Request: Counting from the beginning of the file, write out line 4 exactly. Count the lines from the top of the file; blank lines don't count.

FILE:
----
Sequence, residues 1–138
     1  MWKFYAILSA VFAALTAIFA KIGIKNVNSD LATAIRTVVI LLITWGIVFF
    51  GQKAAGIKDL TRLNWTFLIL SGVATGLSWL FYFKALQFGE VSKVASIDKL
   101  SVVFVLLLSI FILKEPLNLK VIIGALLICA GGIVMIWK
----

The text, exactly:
   101  SVVFVLLLSI FILKEPLNLK VIIGALLICA GGIVMIWK